A Word from the Cookbook Committee…
In 1998 several of the young women at St. Ignatius Orthodox Church in Franklin, Tennessee had an idea. Could we compile a cookbook containing fasting recipes that our families would actually eat? All of us who worked on the original Taste & See cookbook were converts to the Orthodox faith. Our first Lents were spent poring over dozens of Lenten and vegan cookbooks. Most of the recipes were very foreign to us in name or in ingredients or both. Lent was supposed to be a time when we spent LESS time worrying about food preparation and more time praying. How is this possible when we can’t figure out what to fix for dinner each night?
We were overwhelmed by the success of our project. Taste & See: American Orthodox Cooking was published in 1999 by the Women of St. Ignatius. A couple thousand copies were sold, raising more than $8000 for the Antiochian Women’s Orphanage Fund. It was a blessing to our families and many others like us and has become a favorite cookbook of Orthodox cooks all over America.
In the years since that cookbook was published and became out of print, there was still a demand for the original Taste & See. Many people who have enjoyed the first cookbook repeatedly requested a sequel.
In 2011, many of the original participants in the first Taste & See project were attending a mission parish in Murfreesboro, Tennessee started by folks from St. Ignatius Antiochian Orthodox Church in Franklin and Holy Trinity Greek Orthodox Church in Nashville. Founded in 2005, St. Elizabeth Orthodox Christian Church is the only Orthodox Church in Rutherford County, one of the largest and fastest-growing counties in the southeastern United States. The mission had outgrown its rented space and needed its own building to continue to grow. The Women of St. Ignatius gave the Women of St. Elizabeth their permission and blessing to revive the Taste & See project with a sequel cookbook to raise money for the mission’s building fund.
We wanted the sequel to be another all-American book with recipes as diverse as our Great Melting Pot. With the help of more than 150 contributors from 63 parishes across America, this cookbook contains 500 all-new recipes, more than a 65% increase from the original Taste & See cookbook. We requested recipes that are as “stress-free” as possible. We want to spend more time praying during fasting periods and less time worrying about food. In addition to recipes for everyday, we also included some more elaborate recipes that are good for special occasions (birthdays, name days, etc.).
You may find some ingredients that are unusual or foreign to you; they were to us when we first started as well. We’ve included a brief glossary at the beginning to help you with these. We suggest that you don’t try to dive into a bunch of new things all at once. Try only one or two new unusual ingredients each fasting period to minimize stress while still adding to your repertoire.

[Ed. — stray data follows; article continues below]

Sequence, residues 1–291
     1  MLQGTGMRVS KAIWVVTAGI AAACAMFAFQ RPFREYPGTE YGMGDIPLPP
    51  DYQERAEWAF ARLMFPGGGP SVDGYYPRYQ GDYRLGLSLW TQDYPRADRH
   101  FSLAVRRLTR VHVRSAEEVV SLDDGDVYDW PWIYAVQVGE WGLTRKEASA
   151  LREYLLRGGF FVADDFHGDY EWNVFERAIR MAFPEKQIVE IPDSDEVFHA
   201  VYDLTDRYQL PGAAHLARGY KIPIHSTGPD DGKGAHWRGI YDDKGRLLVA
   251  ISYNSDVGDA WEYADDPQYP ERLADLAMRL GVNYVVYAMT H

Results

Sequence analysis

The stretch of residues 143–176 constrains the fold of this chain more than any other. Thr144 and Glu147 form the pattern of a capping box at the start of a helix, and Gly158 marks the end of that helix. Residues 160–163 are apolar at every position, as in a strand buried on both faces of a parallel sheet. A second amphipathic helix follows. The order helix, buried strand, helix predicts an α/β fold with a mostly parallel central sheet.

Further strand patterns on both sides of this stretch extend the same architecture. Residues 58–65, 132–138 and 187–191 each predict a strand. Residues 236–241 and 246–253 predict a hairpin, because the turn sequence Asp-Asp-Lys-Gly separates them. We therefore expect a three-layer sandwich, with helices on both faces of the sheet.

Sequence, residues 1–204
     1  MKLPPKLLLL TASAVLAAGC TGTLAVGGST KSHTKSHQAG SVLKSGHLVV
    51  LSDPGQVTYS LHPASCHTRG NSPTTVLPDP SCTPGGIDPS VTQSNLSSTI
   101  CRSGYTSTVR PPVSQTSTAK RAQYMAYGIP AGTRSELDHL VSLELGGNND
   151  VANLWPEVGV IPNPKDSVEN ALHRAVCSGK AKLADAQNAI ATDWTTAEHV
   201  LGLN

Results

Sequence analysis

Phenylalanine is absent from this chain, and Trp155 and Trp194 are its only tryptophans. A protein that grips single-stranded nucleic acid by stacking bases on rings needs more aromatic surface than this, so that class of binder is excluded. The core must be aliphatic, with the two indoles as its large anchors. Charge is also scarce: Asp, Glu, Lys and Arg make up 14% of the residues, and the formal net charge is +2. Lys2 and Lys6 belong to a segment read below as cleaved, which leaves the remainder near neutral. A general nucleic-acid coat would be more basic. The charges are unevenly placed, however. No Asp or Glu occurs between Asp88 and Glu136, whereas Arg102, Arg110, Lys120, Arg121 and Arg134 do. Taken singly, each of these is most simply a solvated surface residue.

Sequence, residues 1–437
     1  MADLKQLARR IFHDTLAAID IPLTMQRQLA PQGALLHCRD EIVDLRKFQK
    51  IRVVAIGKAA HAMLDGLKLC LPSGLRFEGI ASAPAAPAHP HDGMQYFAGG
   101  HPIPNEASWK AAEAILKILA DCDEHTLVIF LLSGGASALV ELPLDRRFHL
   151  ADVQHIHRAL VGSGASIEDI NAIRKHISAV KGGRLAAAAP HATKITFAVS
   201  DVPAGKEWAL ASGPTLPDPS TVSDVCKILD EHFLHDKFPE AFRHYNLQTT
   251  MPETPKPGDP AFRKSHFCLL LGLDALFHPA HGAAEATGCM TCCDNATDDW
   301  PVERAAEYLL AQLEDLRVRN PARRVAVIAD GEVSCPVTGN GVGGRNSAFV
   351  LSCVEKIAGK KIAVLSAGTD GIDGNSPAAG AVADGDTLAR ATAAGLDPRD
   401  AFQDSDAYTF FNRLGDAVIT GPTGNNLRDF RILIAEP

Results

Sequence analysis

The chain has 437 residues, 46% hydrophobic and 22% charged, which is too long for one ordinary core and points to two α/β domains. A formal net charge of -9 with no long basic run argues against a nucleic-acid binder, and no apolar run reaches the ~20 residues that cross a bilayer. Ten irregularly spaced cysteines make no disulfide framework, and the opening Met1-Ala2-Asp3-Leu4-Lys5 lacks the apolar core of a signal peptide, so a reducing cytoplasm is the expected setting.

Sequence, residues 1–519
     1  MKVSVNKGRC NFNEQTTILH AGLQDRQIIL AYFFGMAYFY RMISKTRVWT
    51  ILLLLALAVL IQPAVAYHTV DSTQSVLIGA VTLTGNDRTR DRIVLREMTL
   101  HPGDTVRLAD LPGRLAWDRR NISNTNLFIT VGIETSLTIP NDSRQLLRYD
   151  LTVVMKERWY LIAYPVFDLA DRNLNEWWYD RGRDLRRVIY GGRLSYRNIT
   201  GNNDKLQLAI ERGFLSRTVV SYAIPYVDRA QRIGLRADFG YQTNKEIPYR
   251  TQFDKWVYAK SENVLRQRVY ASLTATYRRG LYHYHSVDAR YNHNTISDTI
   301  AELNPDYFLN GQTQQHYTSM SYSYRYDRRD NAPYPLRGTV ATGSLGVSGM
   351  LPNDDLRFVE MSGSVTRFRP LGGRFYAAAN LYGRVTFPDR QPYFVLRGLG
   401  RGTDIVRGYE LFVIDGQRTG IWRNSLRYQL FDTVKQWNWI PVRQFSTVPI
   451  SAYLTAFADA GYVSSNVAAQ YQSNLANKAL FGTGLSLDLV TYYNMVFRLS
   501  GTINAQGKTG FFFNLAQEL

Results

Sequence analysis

The majority of the cookbook contains recipes that adhere to standard Orthodox fasting guidelines: no meat, dairy or seafood with a spine. Recipes with oil and/or wine are designated with an asterisk (*) after the name. In addition, we’ve included some of our favorite feasting recipes, traditional Orthodox favorites and recipes that are designed to serve a crowd.
Several members of our parish, especially our children, have food allergies and intolerances. Recipes containing the common allergens of shellfish and peanuts are easy to determine. Gluten, however, is much harder to detect by simply reading the recipe. We wanted our cookbook to be mindful of that need as well. Several of the adults in our parish who deal with gluten issues — either for themselves or for their children — have reviewed the recipes. Those that contain no gluten have a designation after the title – [GF].
The committee would especially like to thank St. Elizabeth the New Martyr for her intercessions to our Lord for us; our parish for their wonderful support; our priest, Fr. John Oliver, for his faithful shepherding; Fr. Stephen Rogers and the women of St. Ignatius for their gracious blessing to continue the Taste & See series; and our families for taking care of the rest of life while we were working on this project.
With God being our Helper, we have been able to produce another cookbook that we pray will relieve stress and be a blessing for thousands of American Orthodox cooks.
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